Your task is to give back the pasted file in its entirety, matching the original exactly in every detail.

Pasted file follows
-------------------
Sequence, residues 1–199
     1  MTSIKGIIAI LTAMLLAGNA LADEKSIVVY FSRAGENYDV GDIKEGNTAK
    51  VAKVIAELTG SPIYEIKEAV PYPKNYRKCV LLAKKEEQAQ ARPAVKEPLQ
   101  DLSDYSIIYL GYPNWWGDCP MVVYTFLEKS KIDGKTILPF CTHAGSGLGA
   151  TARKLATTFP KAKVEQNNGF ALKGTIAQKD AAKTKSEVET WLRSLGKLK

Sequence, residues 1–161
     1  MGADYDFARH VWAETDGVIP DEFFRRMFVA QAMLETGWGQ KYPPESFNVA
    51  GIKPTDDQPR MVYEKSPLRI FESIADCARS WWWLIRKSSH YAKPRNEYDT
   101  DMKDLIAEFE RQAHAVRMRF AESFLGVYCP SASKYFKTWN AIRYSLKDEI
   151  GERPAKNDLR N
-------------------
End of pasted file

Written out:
Sequence, residues 1–199
     1  MTSIKGIIAI LTAMLLAGNA LADEKSIVVY FSRAGENYDV GDIKEGNTAK
    51  VAKVIAELTG SPIYEIKEAV PYPKNYRKCV LLAKKEEQAQ ARPAVKEPLQ
   101  DLSDYSIIYL GYPNWWGDCP MVVYTFLEKS KIDGKTILPF CTHAGSGLGA
   151  TARKLATTFP KAKVEQNNGF ALKGTIAQKD AAKTKSEVET WLRSLGKLK

Sequence, residues 1–161
     1  MGADYDFARH VWAETDGVIP DEFFRRMFVA QAMLETGWGQ KYPPESFNVA
    51  GIKPTDDQPR MVYEKSPLRI FESIADCARS WWWLIRKSSH YAKPRNEYDT
   101  DMKDLIAEFE RQAHAVRMRF AESFLGVYCP SASKYFKTWN AIRYSLKDEI
   151  GERPAKNDLR N